From U.S. Justice Action Network. July 13, 2016
On Wednesday July 13 on the Senate floor, Republican and Democratic Senators renewed hope that criminal justice reform legislation will come to a vote this year.
Below are excerpts from speeches on the Senate floor:
Sen. Mike Lee (R-UT): “Criminal justice reform doesn’t call on conservatives to abandon their principles. It calls on them to fight for them…. As all of you know, the road to reform is long and it’s full of setbacks and obstacles, and today’s movement for criminal justice reform is no exception. But so long as the people here today are involved in this effort, I’m confident that we can together succeed where our prisons today often fail. In preparing our offenders to reintegrate into their communities as productive and law-abiding citizens–as spouses, parents, neighbors, and employees– instead of career criminals.”
Assistant Democratic Leader Dick Durbin (D-IL): “What we’re setting out to do here is to right an injustice—an injustice that is filling federal prisons, sentencing individuals for lengthy sentences for nonviolent drug offenses. This is long overdue, and it’s something we need to do. If we did it, it would say to those across America who are asking if Congress is listening, if the Senate is awake to what’s going on in our country—it would say to them yes, on a bipartisan basis, these four senators and many more are prepared to bring reform to our criminal justice system. Will it solve all our problems? No, not at all, but it’s a significant step forward.”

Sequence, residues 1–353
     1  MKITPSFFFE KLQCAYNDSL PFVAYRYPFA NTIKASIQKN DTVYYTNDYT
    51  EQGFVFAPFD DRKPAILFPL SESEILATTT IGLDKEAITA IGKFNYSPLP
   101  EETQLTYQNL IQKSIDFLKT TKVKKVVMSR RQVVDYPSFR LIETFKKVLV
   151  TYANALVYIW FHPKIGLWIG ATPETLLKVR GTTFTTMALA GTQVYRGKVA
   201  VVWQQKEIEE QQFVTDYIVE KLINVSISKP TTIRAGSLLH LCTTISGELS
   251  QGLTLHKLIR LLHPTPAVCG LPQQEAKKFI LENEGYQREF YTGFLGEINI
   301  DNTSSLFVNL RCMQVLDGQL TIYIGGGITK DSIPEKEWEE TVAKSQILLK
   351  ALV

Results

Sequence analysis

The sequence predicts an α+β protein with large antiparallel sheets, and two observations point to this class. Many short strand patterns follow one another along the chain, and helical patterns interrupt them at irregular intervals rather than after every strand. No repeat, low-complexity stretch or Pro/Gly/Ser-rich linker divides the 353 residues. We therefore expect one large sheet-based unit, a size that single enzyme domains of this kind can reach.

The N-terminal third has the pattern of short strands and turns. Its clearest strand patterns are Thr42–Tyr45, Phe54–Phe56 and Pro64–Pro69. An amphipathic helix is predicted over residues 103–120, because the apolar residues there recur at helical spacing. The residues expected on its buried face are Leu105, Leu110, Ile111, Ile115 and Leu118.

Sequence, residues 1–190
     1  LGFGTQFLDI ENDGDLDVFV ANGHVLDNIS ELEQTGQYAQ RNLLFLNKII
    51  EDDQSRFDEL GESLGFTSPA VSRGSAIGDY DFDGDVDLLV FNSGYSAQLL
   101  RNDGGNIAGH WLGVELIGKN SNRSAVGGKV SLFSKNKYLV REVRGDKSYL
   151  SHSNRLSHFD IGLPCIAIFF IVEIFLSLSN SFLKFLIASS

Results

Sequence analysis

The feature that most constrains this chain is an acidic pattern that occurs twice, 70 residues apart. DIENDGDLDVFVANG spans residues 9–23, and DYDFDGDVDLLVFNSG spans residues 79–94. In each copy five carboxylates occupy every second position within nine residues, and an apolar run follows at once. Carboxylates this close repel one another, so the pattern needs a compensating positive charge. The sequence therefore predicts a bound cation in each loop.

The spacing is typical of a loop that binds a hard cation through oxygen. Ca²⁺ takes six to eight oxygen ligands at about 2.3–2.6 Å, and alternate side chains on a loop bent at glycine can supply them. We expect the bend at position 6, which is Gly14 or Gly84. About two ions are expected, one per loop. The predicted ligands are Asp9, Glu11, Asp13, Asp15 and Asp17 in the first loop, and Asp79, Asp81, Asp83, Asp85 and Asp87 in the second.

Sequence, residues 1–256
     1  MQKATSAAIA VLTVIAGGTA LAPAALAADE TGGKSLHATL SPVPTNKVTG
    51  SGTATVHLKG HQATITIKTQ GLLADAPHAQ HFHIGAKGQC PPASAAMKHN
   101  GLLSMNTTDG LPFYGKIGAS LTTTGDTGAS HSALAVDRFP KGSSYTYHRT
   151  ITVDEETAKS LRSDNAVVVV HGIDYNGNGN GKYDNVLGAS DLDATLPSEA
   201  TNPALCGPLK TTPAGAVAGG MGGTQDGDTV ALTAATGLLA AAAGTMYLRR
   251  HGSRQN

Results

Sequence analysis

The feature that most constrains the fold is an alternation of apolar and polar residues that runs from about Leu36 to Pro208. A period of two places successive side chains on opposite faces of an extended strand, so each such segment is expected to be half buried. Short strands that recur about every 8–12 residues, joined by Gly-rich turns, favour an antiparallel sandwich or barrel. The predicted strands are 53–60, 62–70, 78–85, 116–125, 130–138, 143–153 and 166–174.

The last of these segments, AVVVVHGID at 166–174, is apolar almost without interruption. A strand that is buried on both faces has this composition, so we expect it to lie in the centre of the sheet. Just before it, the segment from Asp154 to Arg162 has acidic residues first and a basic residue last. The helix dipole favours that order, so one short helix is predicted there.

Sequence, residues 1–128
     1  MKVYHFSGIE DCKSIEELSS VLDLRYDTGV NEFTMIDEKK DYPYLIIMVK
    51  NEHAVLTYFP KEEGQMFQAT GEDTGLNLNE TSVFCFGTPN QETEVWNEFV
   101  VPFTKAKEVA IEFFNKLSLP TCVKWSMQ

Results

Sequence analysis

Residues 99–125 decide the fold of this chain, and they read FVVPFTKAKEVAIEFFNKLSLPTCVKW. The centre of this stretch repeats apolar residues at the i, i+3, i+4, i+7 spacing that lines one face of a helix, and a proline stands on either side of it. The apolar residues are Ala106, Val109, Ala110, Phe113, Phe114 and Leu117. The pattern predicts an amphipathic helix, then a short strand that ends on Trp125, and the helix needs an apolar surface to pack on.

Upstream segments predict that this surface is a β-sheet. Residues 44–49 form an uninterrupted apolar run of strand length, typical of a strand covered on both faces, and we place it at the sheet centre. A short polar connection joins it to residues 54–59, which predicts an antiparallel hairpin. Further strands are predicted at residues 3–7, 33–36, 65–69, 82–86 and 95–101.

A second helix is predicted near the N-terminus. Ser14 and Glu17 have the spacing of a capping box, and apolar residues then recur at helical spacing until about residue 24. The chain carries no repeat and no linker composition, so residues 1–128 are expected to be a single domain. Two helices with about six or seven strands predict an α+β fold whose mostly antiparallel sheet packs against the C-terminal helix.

Sen. Cory Booker (D-NJ): “There are people that are frustrated. It is my hope when this comes to issue of criminal justice that are so obviously broken that we choose reform. That we choose healing. That we demonstrate unity. That on this issue, we bring forward a bipartisan bill that begins to cast away some of the darkness that hangs over our country with the light and the wisdom that’s in this bill, that reflects both sides of the political aisle and I believe reflects the best of who we are as a body.”
Chairman Chuck Grassley (R-IA): “The people of this country want action to address deficiencies in the criminal justice system. This bill would make important but limited changes in the way that the federal government sentences those who commit crimes. We should take the bill up. We should debate the bill. And we should show the American people that we are willing to take on one of the most important domestic challenges facing the country and, most importantly because it’s bipartisan–which a lot of people don’t see this congress do very often–and because it’s bicameral.”